Students on the Lawn

Compost Power Project Heating Up

by Katharan M Blofson, Clean Energy Fund Education & Outreach Graduate Assistant

 

The Compost Power project underway at Slade Hall is heating up!

On 11/9 and 11/10, students joined the Compost Power Network's Gaelen Brown in a hands-on Compost Power construction workshop, learning about and installing the Jean Pain compost mound system adjacent to the existing Slade greenhouse.  The Compost Power Network, based in Waitsfield, VT, advocates for and educates about compost heat recovery, and is working to pilot and test Jean Pain method compost heat recovery systems for space and hot water heating.  

Slade's system will capture the heat generated by decomposition, and direct it to warm the greenhouse soil using radiant tubing.  The Clean Energy Fund funded this project with a grant of $15,000, in the interest of supporting student initiative and involvement in renewable energy and food systems research questions around season extension and cold climate agriculture.  

In the weeks leading up to the workshop, students and UVM Physical Plant staff worked to repair and paint the greenhouse, in preparation for installing the garden beds. PPD carpenters also rebuilt the south-facing greenhouse wall.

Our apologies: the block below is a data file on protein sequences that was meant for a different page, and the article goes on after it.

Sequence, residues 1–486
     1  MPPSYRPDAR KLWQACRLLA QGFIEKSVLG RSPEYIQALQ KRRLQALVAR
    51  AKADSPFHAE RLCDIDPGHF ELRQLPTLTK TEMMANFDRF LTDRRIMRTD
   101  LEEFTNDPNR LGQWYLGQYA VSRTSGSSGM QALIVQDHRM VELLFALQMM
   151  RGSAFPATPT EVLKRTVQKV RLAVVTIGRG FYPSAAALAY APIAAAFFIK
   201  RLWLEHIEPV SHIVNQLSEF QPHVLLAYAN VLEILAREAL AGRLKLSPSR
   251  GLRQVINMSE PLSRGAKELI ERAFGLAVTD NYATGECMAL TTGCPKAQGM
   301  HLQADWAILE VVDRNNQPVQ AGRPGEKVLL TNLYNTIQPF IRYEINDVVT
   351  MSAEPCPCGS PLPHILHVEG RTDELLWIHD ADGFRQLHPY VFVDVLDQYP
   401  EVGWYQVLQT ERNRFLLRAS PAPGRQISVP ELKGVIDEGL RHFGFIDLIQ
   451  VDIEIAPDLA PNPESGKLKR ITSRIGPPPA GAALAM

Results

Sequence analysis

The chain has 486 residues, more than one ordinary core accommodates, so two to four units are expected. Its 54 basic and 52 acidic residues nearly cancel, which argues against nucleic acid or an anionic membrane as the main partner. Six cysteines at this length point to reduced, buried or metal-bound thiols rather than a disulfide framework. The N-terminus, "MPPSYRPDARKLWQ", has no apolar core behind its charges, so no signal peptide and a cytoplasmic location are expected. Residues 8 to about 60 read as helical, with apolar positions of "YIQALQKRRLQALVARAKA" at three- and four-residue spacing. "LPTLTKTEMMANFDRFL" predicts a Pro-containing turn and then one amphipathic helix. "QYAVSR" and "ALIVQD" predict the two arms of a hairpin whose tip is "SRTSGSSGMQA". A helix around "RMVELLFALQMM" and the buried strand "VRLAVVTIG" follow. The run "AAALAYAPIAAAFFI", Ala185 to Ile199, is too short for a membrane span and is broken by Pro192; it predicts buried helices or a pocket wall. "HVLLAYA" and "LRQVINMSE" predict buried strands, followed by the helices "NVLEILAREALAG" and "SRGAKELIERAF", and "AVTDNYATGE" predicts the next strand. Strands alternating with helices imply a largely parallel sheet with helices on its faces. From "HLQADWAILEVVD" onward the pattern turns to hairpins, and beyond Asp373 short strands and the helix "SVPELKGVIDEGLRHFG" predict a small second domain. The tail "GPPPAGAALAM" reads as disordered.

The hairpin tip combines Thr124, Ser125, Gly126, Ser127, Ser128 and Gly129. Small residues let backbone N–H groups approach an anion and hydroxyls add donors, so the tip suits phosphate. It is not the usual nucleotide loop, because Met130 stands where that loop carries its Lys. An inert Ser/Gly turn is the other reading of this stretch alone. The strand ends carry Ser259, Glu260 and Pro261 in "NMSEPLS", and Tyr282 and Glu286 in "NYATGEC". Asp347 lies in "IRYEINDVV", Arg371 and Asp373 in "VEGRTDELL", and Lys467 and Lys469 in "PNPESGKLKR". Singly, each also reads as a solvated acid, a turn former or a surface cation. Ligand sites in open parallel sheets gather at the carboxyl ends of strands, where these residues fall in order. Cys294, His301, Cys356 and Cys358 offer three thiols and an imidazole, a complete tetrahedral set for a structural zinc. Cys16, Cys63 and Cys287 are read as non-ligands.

The Jean Pain mound is on the north side of the greenhouse.

The Compost Power! workshop started with a presentation on composting and the Jean Pain compost heat recovery method, and then workshop participants got right down to work.  Students piled hay bales into a 16' circle that would eventually be taller than most of them.  

Perforated drainage pipes in the bottom of the Jean Pain mound facilitate airflow in the lower portion of the mound.  

 

Students bringing in the woodchips that are the decomposition fodder for the Jean Pain mound by wheelbarrow.

 

An excavator joined in to make their work a little bit easier, filling the oversized hay bale "container" with woodchips!

 

Students installing the radiant tubing in the Jean Pain mound.

Heat is released as the woodchips begin to decompose, and transferred to cool water in radiant tubing inside the pile, warming it through heat exchange.  This warm water is then directed to the garden beds in the greenhouse, transferring significant amounts of heat to the soil.  The Compost Power project will test Jean Pain principles of compost heat recovery, and attempt to answer the questions: How much heat can a mound of a certain size produce?  How much garden bed area will that heat? Is this method practical for season extension and year-round production of greenhouse crops?   

Now that students have returned soil to the greenhouse after helping to repair it, the vegetable seedlings that they started in the fall are awaiting transplanting in the UVM Greenhouse--to their new home in the Slade Greenhouse's compost-warmed soil!

              C